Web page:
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McCormick Junior High is seen Thursday, Jan. 9, 2020, in Cheyenne. Michael Cummo/Wyoming Tribune Eagle

CHEYENNE – McCormick Junior High’s new principal, Justin Conroy, doesn’t want to end up like his predecessor.

Jeff Conine, the school’s longtime principal, left amid controversy surrounding racist and homophobic flyers found on campus last spring.

To that end, Conroy, who previously worked in Rapid City, South Dakota, told the Laramie County School District 1 Board of Trustees on Monday night how McCormick will use a peer-to-peer program called Networks of Support to address bullying and foster an inclusive school climate.

“This allows students an outlet to communicate about any issues they might have. It could be a social issue. It could be a bullying issue. It could be vaping,” Conroy said.

The small group setting, he said, will also provide an opportunity to implement “cultural awareness and deals with trauma.”

Improving cultural awareness – and discouraging the kind of bigoted bullying reported last spring – is what motivated the board to issue an action plan for McCormick last May.

When Conroy became principal last fall, he inherited the responsibility to carry out that action plan. Conroy told the board that he’s analyzed the action plan to see how well-equipped the school was to handle each issue.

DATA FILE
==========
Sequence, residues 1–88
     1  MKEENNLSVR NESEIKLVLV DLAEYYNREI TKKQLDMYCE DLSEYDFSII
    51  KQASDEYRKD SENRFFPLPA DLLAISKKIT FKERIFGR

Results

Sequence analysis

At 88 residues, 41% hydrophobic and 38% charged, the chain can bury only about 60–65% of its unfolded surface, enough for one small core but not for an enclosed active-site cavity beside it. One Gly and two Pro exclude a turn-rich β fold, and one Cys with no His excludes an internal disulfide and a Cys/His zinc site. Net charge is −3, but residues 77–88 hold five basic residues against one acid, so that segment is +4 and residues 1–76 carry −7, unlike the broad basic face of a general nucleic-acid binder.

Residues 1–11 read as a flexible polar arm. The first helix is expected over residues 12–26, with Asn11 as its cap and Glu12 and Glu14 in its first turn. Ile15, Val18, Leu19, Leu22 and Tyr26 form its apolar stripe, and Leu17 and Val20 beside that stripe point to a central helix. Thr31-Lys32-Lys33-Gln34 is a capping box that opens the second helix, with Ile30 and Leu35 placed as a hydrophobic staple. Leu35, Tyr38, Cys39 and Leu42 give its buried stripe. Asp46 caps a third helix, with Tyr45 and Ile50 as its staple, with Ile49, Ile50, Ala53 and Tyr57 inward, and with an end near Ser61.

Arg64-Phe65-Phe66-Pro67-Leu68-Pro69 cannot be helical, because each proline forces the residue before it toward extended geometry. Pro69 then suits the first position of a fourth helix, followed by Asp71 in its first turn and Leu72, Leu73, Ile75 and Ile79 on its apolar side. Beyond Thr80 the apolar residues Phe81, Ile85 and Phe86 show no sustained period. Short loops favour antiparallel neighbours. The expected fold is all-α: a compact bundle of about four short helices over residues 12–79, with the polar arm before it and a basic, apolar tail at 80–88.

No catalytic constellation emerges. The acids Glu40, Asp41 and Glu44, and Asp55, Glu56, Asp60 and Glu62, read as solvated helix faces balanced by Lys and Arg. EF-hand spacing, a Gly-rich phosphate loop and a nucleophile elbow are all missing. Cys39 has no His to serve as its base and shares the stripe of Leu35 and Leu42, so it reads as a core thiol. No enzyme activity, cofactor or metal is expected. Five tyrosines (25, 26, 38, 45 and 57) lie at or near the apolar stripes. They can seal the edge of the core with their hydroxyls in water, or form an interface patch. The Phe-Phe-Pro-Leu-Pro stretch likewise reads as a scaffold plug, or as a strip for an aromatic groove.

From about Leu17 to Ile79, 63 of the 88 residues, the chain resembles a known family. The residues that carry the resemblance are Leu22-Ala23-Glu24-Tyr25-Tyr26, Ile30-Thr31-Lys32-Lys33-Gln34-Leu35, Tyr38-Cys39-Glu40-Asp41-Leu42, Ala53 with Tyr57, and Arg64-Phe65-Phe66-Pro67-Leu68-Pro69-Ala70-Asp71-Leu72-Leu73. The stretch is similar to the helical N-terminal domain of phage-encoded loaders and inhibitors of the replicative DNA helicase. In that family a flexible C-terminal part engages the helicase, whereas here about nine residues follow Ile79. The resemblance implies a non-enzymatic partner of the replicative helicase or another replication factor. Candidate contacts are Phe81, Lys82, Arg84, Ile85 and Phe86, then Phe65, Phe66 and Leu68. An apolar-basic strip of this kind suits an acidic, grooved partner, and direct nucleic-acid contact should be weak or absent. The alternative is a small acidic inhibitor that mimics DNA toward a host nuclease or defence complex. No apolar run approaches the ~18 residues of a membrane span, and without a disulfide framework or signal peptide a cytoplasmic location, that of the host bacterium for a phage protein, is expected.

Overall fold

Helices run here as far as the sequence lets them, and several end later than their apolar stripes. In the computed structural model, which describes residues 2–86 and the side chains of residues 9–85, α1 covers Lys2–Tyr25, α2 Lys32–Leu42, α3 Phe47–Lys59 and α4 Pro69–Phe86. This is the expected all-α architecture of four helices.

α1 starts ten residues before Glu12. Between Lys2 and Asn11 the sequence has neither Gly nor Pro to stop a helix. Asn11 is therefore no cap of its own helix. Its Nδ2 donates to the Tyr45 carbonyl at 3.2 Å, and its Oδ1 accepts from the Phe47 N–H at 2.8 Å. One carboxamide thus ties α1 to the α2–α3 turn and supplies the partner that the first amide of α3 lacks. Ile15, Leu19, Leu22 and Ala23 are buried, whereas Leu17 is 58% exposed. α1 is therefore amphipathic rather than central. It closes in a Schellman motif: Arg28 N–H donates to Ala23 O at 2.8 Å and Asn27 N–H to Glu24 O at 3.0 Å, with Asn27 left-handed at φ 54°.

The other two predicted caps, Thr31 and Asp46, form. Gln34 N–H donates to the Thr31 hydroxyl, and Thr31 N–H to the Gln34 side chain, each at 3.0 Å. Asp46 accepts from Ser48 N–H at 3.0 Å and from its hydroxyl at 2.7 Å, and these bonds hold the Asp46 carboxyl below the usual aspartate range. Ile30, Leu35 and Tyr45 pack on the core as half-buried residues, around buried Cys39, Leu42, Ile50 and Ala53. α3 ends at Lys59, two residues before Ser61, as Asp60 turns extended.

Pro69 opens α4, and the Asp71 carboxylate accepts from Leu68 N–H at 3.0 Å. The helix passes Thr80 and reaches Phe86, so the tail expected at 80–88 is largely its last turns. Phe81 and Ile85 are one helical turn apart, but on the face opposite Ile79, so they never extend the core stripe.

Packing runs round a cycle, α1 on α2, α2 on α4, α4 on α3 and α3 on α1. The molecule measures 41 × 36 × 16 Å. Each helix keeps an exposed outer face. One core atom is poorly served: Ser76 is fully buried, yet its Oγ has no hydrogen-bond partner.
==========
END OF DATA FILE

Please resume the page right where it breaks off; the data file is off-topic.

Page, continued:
“One of the big questions was ‘how are you going to address bullying?’,” Conroy said. The school banned cellphone use, which Conroy said “(has) been very productive. It’s brought down bullying and cyber-bullying to an extreme low.”

Launching Networks of Support is another strategy to further mitigate bullying at McCormick.

“So if an issue comes up between three students, how do you figure that out?” Rose Ann Million Rinne, vice-chairwoman of the board, asked Conroy.

“That (student) mentor will communicate with the lead team member and ask for guidance,” Conroy said. “You just want to create that outlet for students to discuss their stresses.”

Networks of Support is similar to a previously proposed program called SPIRIT, which the district promised to roll out by Nov. 1 of last year, but failed to do.

The delayed timeline invoked frustration among members of the Wyoming Independent Citizen Coalition, an advocacy group that formed in the wake of the incident last spring.

“They’re backpedaling on what we said should be done. They’re not following through,” Stephen Latham, a coalition member, said earlier this month.

Conroy said he has since engaged in lengthy discussion with Latham and other community leaders about Networks of Support. For the most part, he has their backing. He think Networks of Support, which he’s worked with in the past, will be “just as, if not more, beneficial than the SPIRIT program because it’s student-centered and sustainable.”

Latham was not present at Monday’s board meeting, and no public comment was offered about the plan.

McCormick will start building-wide training for faculty and staff in February and move toward full implementation, including training student mentors, by April.

Kathryn Palmer is the Wyoming Tribune Eagle’s education reporter. She can be reached at kpalmer@wyomingnews.com or 307-633-3167. Follow her on Twitter at @kathrynbpalmer.

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